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Virtual Neighborhoods Architecture of Online Communities . Reuven Aviv Zippy Erlich Gilad Ravid Agenda. Introduction Design, Mechanisms, Architecture Method Results. Design of network. mechanisms. Social Interdependence theory.

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Virtual Neighborhoods Architecture of Online Communities

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Virtual neighborhoods architecture of online communities l.jpg

Virtual Neighborhoods Architecture of Online Communities

Reuven Aviv

Zippy Erlich

Gilad Ravid

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  • Introduction

  • Design, Mechanisms, Architecture

  • Method

  • Results

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Design of network


Social Interdependence theory

Matching the predictions of network emergence theories


Content Analysis

Network statistical analysis of Markov models

Collaborative Knowledge construction

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Global SNA



Equivalence (role groups)

Power of actors

Range of influence


Local SNA



Dyads and triads

SNA viewpoints

Aviv, R., Erlich, Z., Ravid, G., & Geva, A. (2003). Network Analysis of Knowledge Construction in Asynchronous Learning Networks. Journal of Asynchronous Learning Networks

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The Social Capital Mechanism

  • Hunt for Knowledge (social capital)

    • Using efficient interactions

    • E.g. bridging others

  • Community works with broadcast medium:

    • Most efficient connection: No interactions

      • Passive members (Lurkers)

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Cognitive balance

Emergence of transitive triads



Creation of knowledge support

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  • The architecture of a network can be describes in terms of three components

    • One or more relations are the fundamental glue between the actors

    • A partition of the actors and the relations into 2 level hierarchy of groups of actors

    • A set of mechanisms shaping the relations to the creation of the neighborhood

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In star

Mutual dyad

Mix star

Out star

Virtual Neighborhoods

Transitive triad

Cyclic triad

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Method of Analysis

  • Reveal Architectural Components

  • Identify Relevant Theories

  • Identify Mechanisms

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  • Analyze the recorded responsiveness data of two online forums of learners with different design

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Example: Two Communities

  • 16 weeks each; 19, 18 participants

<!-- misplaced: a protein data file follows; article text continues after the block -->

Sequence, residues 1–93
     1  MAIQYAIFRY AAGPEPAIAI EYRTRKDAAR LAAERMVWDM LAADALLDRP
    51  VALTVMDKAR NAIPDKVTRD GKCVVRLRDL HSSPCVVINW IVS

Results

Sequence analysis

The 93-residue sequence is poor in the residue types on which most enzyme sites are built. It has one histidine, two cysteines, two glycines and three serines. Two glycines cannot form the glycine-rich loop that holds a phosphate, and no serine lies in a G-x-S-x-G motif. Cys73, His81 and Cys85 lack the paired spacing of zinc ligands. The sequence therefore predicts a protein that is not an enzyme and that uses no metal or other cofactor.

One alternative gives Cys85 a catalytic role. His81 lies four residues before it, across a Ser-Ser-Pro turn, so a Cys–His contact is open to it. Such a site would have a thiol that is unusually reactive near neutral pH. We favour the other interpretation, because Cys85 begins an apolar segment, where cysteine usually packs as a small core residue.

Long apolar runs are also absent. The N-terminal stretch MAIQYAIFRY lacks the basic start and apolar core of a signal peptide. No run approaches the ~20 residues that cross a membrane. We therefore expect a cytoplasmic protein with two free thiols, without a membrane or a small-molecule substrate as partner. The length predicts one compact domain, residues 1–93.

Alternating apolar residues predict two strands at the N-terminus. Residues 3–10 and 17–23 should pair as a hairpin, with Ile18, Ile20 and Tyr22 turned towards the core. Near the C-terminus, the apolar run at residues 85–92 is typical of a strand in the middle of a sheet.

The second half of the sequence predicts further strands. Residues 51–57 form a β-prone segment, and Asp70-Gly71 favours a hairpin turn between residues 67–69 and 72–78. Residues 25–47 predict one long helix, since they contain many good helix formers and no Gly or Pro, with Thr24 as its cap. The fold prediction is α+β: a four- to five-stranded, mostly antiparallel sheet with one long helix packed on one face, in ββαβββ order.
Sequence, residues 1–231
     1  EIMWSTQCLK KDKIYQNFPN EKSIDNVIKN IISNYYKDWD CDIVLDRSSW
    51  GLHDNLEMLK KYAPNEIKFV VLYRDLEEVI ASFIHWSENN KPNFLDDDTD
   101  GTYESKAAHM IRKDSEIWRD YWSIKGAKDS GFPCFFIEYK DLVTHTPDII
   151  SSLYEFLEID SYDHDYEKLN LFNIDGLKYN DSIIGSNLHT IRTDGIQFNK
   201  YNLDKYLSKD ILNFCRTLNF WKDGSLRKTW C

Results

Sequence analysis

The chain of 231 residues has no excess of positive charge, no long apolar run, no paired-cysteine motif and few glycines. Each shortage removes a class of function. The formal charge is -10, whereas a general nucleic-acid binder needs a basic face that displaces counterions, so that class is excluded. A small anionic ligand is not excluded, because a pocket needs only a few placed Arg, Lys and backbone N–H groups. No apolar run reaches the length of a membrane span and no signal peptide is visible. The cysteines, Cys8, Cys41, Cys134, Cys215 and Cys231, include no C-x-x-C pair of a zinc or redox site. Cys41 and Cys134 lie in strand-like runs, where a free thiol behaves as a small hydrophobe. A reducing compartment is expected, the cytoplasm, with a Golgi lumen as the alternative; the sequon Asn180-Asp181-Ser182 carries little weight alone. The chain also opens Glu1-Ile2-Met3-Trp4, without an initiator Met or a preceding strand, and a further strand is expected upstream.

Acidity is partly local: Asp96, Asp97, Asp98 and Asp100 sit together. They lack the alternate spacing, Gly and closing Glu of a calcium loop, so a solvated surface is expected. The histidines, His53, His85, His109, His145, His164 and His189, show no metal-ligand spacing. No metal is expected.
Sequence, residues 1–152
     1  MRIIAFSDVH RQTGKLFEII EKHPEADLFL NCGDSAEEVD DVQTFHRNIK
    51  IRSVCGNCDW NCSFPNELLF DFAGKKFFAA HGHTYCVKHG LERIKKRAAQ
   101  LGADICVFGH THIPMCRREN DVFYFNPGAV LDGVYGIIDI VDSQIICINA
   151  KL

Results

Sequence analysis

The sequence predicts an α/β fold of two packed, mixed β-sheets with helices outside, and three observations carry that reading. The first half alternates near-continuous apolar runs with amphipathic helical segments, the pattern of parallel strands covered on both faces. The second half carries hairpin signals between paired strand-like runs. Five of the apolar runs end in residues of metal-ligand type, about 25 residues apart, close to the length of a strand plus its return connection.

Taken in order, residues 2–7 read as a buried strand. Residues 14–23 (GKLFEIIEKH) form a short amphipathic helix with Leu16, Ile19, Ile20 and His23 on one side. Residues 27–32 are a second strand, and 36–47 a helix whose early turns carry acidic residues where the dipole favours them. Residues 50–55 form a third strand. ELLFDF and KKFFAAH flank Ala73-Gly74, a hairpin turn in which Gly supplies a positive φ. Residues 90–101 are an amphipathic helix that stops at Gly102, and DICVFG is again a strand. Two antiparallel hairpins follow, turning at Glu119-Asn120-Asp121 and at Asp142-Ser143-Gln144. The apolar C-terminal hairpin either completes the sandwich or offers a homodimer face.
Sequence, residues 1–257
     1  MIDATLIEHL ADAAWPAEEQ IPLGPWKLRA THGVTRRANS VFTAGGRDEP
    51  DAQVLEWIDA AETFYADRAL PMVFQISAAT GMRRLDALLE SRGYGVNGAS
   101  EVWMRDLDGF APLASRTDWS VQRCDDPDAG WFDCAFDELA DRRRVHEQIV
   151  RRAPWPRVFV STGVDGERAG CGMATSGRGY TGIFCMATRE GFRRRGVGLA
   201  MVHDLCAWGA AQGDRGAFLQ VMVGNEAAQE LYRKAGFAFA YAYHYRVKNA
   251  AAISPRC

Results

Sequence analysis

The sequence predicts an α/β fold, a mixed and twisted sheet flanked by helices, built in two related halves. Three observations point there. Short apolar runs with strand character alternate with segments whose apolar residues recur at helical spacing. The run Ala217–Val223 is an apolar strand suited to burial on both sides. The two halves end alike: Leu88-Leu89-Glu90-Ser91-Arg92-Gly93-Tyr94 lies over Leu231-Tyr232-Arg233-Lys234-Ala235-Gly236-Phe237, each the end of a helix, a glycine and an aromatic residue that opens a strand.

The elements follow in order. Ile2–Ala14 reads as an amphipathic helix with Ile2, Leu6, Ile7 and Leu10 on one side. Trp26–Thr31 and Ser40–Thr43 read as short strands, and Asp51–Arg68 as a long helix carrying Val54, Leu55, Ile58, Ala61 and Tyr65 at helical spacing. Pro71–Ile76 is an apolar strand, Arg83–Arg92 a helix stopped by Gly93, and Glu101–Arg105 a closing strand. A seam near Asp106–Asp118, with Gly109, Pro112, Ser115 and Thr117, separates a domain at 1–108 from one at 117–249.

• Parts of Open U “Business Ethics” Course

  • Team community

    • Designed for Knowledge Construction

    • Tested positively by Content Analysis

  • Forum Community

    • Designed for support by Q & A

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Social Capital & Transaction Costs

  • Burt 1992, 2002

  • Bridge over Holes with minimal cost

  • Few single links

  • link<0

  • Supported for both networks

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Collective action

  • Coleman, 1973, 1986; Marwell & Oliver 1993; Fulk et al. 1996

  • Inducements to contribute under peer pressure

  • Respond to several others

  • If large density & centralization & size then out star > 0

  • Supported for team network.

  • Not supported for forum network because condition in not fulfilled

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  • Willer & Skvoretz, 1997; Hommans, 1958

  • Exchange resources directly, depending on partner & network status

  • Tendency to reciprocate to resource promising partners

  • mutuality > 0

  • Not supported for team network because there are no a-priory resource promising actors

  • supported for Forum network because Tutor is a-priory resource promising actors

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Generalized exchange

  • Bearman, 1997

  • Exchange resources via mediators, depending on partner & network states

  • Tendency to respond cyclically to resource promising partner

  • cyclicity > 0

  • Not supported in both networks. Probably because no need for information exchange via mediators

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Contagion Exposure

  • Burt 1980; Contractor et al., 1990

  • Leading to social influence & limitation in attitudes, knowledge & behavior

  • Respond to same as other equivalent actors

  • Out star > 0; in star > 0; mixed star >0; transitivity >0

  • Not supported in both networks. Probably because contagion process could not develop in the short lifetime of networks

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Cognitive Consistency

  • Heider 1958; Festinger, 1957; Cartwright et al., 1956

  • Drive for balance in cognitions

  • Respond via several paths

  • transitivity > 0

  • Supported in team networks. Not supported in the forum network. In both networks this is due to their designs

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Uncertainty reduction

  • Berger 1987

  • Reduce uncertainty by gaining

  • Attract responses from several others

  • In star > 0

  • Not supported in both networks. In the forum network the tutor clarified all uncertainties

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Exogenous factors

  • Residual personal tendencies o respond or trigger only to actors with pre assigned roles

  • For students (1)resp=0; (2)trigg=0; For tutor (3)resp>0; (4)trigg>0

  • 1,2 supported for both networks; 3 un supported for team network, supported for forum network; 4 un supported for both networks

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Thank You

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